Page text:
At SIHH 2007, IWC has shown an entire new family range for the Da Vinci watch collection, which transform these iconic timepieces into something quite different than what we’ve become familiar with. The distinctive Da Vinci form with its rounded case contours, articulated bracelet attachment, and the cabochon-shaped chronograph pushpieces has given way to a tonneau look.
I’ve caught discussions on several of the watch forums and agree with the general vibe that many have expressed. The design, while attractive and well-executed, lacks the characteristic unique appearance that defined the Da Vinci watches, particularly the Large DaVinci watch, whose perpetual calendar mechanism represented one of the first really serious mechanical timepiece to challenge the supremacy of quartz back in the 1980’s. In short, I agree with those who find the new design attractive, but mourn the passing of the older Da Vinci watch, which was unmistakably IWC . This new tonneau form reminded one watch fan of designs already on the market from Ulysse Nardin or Maurice Lacroix. Yet another opined that it resembled some of the tonneau watches from Oris.
Oh well, enough complaining. I won’t say anything else with a disparaging tone, since I haven’t yet had a chance to see any of the new Da Vinci watches and take a close look at them. From the press and enthusiast photos, the fit and finish do look absolutely outstanding, and offer considerably more complexity (i.e. brushed and polished surfaces) than did the round Da Vinci watch case. IWC will offer the newly redesigned Da Vinci watch in three versions: A perpetual calendar/chronograph model that features the same movement we’ve all come to know from the classic IWC Large Da Vinci watch, a basic automatic with a big date, and finally, a chronograph which incorporates an in-house IWC movement with some exciting mechanical technology. For the sake of nostalgia, the new Da Vinci perpetual calendar would certainly be the one to choose; IWC has limited it to 30 pieces each in white gold and platinum, and another 500 in rose gold. A portrait on the caseback of this model pays tribute to the brilliant Kurt Klaus, who among many other things, designed the perpetual calendar/chronograph movement for the original Da Vinci watch. While at a hasty glance this watch might not seem to share much with the familiar Da Vinci timepiece of old, a look at its dial readily confirms that it makes use of the same movement and complicated displays which characterized its predecessor.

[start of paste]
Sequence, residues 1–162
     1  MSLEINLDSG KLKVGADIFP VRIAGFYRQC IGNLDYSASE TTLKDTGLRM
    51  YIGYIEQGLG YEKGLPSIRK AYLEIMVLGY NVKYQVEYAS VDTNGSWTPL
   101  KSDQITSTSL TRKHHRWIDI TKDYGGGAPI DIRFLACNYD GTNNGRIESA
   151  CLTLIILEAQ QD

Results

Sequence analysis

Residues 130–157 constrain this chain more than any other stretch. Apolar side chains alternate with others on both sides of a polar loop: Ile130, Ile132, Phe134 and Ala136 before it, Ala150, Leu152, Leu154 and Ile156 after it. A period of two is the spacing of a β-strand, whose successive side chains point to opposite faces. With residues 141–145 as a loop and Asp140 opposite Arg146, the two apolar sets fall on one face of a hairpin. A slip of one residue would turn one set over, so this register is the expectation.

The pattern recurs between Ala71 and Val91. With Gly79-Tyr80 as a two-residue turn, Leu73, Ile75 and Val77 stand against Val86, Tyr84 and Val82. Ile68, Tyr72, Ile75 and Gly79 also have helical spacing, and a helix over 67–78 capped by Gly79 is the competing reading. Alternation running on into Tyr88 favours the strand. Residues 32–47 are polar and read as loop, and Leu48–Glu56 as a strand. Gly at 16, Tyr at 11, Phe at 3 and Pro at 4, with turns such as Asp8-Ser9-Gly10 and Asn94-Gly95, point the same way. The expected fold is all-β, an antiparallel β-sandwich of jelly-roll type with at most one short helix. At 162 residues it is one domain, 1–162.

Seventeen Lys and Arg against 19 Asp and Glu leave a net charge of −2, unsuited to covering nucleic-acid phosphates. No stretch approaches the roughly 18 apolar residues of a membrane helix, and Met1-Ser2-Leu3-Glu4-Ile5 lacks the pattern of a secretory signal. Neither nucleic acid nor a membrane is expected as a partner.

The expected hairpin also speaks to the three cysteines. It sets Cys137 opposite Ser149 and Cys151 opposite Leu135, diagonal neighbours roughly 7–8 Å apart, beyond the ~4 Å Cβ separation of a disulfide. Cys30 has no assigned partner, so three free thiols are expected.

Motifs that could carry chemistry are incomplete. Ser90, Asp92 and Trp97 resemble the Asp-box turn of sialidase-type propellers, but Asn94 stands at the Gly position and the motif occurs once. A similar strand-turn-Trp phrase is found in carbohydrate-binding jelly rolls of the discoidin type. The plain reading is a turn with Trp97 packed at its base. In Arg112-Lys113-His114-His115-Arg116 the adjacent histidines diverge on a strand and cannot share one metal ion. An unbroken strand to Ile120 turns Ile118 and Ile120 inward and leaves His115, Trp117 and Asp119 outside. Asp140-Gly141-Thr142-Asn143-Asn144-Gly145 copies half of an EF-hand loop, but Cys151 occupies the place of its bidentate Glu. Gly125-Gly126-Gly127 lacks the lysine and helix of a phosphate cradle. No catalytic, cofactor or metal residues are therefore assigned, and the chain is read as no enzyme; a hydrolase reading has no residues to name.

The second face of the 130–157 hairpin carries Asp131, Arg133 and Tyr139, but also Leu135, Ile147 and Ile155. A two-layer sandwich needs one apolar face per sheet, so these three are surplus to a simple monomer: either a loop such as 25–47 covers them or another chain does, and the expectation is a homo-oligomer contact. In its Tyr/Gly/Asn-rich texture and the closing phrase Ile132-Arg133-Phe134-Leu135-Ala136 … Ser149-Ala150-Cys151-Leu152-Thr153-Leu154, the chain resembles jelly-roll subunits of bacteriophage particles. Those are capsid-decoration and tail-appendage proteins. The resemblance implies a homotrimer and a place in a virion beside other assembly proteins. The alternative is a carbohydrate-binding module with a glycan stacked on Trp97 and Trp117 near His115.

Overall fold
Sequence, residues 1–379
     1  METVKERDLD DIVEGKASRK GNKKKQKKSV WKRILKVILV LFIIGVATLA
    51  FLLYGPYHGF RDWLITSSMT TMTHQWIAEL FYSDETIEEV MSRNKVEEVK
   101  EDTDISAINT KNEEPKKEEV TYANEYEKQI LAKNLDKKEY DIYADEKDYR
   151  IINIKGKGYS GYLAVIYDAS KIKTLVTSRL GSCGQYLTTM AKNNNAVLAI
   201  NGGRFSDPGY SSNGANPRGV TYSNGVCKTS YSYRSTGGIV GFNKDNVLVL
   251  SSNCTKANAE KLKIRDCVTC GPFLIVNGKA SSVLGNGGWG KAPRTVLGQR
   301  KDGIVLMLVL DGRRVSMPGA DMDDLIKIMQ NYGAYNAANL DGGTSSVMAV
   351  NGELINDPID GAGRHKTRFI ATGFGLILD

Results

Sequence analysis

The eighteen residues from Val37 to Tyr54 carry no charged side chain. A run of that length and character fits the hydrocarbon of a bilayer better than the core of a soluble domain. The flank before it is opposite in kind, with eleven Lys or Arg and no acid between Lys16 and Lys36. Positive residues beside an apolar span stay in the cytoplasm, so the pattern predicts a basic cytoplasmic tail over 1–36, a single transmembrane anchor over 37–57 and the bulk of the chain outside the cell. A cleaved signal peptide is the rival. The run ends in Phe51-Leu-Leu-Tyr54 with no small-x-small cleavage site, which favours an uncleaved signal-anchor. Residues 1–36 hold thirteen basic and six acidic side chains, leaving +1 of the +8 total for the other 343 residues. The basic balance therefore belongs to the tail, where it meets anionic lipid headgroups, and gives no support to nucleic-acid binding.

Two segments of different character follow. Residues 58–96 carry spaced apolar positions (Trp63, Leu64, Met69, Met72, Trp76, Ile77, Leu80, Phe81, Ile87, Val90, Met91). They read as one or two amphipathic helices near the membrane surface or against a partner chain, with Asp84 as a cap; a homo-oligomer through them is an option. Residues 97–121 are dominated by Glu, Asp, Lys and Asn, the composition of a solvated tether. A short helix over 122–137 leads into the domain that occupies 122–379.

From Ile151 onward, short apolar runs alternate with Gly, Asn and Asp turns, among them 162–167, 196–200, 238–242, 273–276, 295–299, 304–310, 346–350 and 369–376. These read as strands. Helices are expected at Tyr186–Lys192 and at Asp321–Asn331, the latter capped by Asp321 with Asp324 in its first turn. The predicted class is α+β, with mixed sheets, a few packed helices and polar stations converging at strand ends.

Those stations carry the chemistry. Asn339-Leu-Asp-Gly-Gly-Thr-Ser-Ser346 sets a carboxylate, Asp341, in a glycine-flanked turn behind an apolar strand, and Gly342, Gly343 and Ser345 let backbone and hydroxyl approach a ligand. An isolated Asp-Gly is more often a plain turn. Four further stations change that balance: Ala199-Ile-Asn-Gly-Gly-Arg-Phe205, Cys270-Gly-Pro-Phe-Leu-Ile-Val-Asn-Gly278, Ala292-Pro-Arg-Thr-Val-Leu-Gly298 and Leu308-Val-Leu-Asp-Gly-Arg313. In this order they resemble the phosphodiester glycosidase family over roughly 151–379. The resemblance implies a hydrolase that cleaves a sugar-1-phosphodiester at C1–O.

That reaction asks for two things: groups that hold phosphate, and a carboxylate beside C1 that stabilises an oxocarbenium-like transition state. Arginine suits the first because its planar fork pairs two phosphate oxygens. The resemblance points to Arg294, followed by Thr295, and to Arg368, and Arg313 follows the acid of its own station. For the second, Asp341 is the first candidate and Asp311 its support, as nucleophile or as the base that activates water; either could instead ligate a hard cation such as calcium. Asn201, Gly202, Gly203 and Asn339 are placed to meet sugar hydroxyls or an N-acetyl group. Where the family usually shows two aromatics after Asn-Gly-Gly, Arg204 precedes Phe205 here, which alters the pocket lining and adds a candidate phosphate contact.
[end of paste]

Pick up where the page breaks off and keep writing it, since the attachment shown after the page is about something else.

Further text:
Movement snob that I am, however, the Da Vinci Chronograph watch has to be the most interesting. Utilizing the unique IWC pawl-based Pellaton selfwinding system, the new IWC Caliber 89360 combines both the 12 hour, and 30 minute totalizers within a single subdial at the top of the watch dial; mirrored below by the subsidiary seconds, this watch gives the elegant appearance of a bi-compax display with the unimpeded functionality of a three-counter chronograph. Nicely done, IWC! Furthermore, this new IWC caliber has a column-wheel controlled chronograph mechanism, a flyback function for the chronograph central second hand, and a freely sprung balance with 4 inertial weights. Also new to this movement is a elaboration of the already very sophisticated Pellaton pawl-winding system; the IWC 89360 Caliber movement increases the pawl count to 4 (from the usual 2), which improves the efficiency of the winding motion by approximately 30 percent. IWC boasts a power-reserve of 68 hours for the Da Vinci chronograph watch, which it draws from a single mainspring barrel. Needless to say, this is a technically impressive movement, which should be a continued source of fascination to gear-heads, or anyone who really appreciates mechanical integrity in a fine watch. The dial of this IWC timepiece is really beautiful as well with its elegant vertical layout, and silvery surface. Be aware, however, that the IWC Da Vinci Chronograph watch is not for those who don’t adore super-sized horology–the expansive tonneau case, in combination with the large IWC Pellaton movement ensures that this timepiece will completely cover all but the most Brobdingnagian of wrists.
The IWC Da Vinci watch collection has always had a sentimental place amongst watch collectors. That said, I don’t think the new model will take take long to find plenty of enthusiastic fans, since it possesses many fine qualities of its own. I don’t know how long IWC will continue to produce the original Da Vinci design, in light of the new model being introduced. However, it would be nice if IWC could somehow retain it, as this watch has a very symbolic significance to the modern history and innovative spirit of the company.